• Oriya
  • Punjabi / Sindhi
  • Assamese
  • Kashmiri
  • Konkani
  • Manipuri
  • Dogri
  • Bhojpuri

Home Remedies

It helps to relieve indigestion, body odor, irritable bowel syndrome (IBS), colds and coughs, muscle aches, morning sickness, nausea, oily skin, snoring, sunburn, toothache, ulcers, tension headache, foot pain, insect / spider bites, and so on. List is really too long.

  • Soothes Stomach: If cancer treatment is making you nauseated, drink peppermint tea to soothe your stomach. If your nausea is unpredictable, try carrying a vial of peppermint oil around with you; place the vial under your nose and inhale deeply as needed. You can also make a lotion or a cream with either oil and rub it into your skin. The scent will stay with you and reduce your chances of feeling ill.
  • Reduces Nausea: Peppermint tea is also excellent tonic for Crohn’s sufferers as it reduces nausea, relieves abdominal pain, and has a calming effect. To reduce nausea and cramping due to food poisoning, try 1 ml of a tincture or 250 mg in capsule form or drink 1 cup of fresh tea every two hours.
  • Motion Sickness: For motion sickness nausea – sip on a cup of peppermint tea, or take 500 mg of the capsule form or 2 ml of peppermint extract three to four times daily. Also rub peppermint cream onto skin before and during trip.
  • Headaches: Peppermint cream applied to the temple area has been shown in studies to be helpful for tension headaches. Also add this oil to a cold compress.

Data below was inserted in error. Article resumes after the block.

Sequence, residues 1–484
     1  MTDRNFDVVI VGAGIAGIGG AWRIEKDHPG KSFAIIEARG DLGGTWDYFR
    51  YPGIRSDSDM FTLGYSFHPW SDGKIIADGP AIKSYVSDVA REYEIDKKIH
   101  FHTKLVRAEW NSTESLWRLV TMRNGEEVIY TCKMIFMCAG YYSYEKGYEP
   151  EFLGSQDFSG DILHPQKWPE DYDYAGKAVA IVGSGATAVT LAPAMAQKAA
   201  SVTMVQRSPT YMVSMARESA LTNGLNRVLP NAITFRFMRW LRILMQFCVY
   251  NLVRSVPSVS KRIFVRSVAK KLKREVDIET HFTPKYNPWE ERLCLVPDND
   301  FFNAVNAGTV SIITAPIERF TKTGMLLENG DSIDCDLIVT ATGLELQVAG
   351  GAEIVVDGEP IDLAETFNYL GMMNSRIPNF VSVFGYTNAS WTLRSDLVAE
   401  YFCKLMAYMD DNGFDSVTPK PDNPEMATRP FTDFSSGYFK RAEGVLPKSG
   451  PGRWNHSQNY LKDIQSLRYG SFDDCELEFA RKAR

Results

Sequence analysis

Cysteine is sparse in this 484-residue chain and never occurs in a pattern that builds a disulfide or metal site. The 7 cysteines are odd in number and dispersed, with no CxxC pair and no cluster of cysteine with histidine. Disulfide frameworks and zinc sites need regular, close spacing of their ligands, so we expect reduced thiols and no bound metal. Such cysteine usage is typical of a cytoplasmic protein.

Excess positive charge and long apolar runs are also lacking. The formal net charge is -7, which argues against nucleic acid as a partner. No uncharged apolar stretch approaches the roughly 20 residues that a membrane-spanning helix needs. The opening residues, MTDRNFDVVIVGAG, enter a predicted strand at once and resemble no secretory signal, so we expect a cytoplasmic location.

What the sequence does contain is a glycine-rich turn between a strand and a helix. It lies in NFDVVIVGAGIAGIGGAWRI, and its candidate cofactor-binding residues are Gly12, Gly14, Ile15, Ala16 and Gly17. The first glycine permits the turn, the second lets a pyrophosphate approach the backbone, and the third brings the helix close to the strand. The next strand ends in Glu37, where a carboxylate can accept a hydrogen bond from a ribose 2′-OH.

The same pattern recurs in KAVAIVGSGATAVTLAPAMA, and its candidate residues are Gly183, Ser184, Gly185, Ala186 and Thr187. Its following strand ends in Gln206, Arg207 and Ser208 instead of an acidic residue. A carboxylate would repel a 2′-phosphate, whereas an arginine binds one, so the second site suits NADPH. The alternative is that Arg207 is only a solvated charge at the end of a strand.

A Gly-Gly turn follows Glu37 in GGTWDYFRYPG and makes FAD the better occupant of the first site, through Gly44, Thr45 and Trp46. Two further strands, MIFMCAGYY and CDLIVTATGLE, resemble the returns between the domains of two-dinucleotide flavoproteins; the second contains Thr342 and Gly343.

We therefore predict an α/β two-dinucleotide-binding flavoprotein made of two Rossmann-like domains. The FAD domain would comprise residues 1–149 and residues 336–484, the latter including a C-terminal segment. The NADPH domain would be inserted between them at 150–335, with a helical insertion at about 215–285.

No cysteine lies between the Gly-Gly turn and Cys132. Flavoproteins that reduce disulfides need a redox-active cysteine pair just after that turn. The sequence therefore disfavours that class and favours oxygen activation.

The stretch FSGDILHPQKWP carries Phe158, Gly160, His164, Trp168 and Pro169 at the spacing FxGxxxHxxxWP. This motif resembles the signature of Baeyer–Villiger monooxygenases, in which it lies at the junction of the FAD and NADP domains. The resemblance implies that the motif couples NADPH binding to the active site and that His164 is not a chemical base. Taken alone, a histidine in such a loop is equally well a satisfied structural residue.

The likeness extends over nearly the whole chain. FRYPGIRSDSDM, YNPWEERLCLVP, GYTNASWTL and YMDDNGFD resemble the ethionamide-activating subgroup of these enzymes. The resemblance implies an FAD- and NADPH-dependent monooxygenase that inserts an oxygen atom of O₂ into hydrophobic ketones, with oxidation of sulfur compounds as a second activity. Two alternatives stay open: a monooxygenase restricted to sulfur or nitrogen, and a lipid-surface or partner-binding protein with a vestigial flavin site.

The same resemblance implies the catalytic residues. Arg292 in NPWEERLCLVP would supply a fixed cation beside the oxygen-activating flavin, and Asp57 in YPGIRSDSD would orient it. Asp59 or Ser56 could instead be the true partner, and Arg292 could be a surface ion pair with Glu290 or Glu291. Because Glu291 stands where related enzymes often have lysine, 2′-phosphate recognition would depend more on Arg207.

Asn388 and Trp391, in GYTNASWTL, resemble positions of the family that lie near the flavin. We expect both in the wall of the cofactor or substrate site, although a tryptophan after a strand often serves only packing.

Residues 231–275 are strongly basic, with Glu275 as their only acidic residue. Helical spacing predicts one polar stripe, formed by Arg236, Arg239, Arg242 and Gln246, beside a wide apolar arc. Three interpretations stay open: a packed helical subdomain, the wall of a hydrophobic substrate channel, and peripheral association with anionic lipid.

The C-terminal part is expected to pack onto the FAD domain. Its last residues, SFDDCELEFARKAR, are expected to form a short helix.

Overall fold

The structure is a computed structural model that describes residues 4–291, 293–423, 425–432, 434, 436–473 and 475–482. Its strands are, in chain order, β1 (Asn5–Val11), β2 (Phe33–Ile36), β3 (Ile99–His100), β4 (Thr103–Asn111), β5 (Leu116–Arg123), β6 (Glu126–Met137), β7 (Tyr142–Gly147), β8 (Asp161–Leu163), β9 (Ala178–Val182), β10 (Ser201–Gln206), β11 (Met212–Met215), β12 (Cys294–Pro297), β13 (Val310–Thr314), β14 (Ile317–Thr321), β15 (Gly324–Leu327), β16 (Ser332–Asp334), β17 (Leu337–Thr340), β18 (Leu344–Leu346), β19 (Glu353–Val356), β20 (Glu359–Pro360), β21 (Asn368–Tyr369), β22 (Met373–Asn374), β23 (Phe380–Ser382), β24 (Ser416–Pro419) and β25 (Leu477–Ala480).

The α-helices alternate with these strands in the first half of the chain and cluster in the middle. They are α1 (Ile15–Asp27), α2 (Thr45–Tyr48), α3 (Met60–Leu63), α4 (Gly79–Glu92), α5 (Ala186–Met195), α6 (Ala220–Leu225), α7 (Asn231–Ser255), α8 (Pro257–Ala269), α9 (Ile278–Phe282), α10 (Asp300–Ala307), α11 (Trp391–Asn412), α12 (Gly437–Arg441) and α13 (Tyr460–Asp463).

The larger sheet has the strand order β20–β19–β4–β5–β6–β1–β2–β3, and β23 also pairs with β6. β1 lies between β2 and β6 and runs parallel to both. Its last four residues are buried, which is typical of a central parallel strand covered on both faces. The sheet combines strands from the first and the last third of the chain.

• Stuffy Nose: A steamy cup of an aromatic peppermint leaves tea can help clear a stuffy nose.
  • Fever Reducer: Hot peppermint leaf tea encourages sweating and cools fever.
  • Migraine: Drink tea or apply 1 – 2 drops of peppermint oil to forehead to relieve headache and migraine.
  • IBS: Take 1 to 2 enteric-coated peppermint oil capsules twice daily between meals. This herb reduces gas and cramping, and studies show that it is effective for IBS. Peppermint is a long-standing digestive herbal remedy. This aromatic herb calms the muscles of the digestive tract and improves the flow of bile from the gallbladder, thus helping the body to digest fats. It is for these reasons that peppermint alleviates intestinal gas, reduces abdominal cramping, and can settle an upset stomach.
  • Itchy Skin: Peppermint is soothing for itchy skin. Apply at 2% dilution pepper mint oil with a carrier oil to affected areas. The infusion can be applied as a lotion to relieve nettle rash and eczema.
  • Insect Bite: For insect bites, apply a drop or two of peppermint oil. It has a cooling effect, and also increases circulation to the bite, speeding the healing process. Alternatively, if you have toothpaste that contains peppermint oil, apply a dab.
  • Skin Care: Peppermint fight bacteria and also smell nice. Try it for body odor. Just apply it to problem are if your skin is not sensitive for peppermint oil.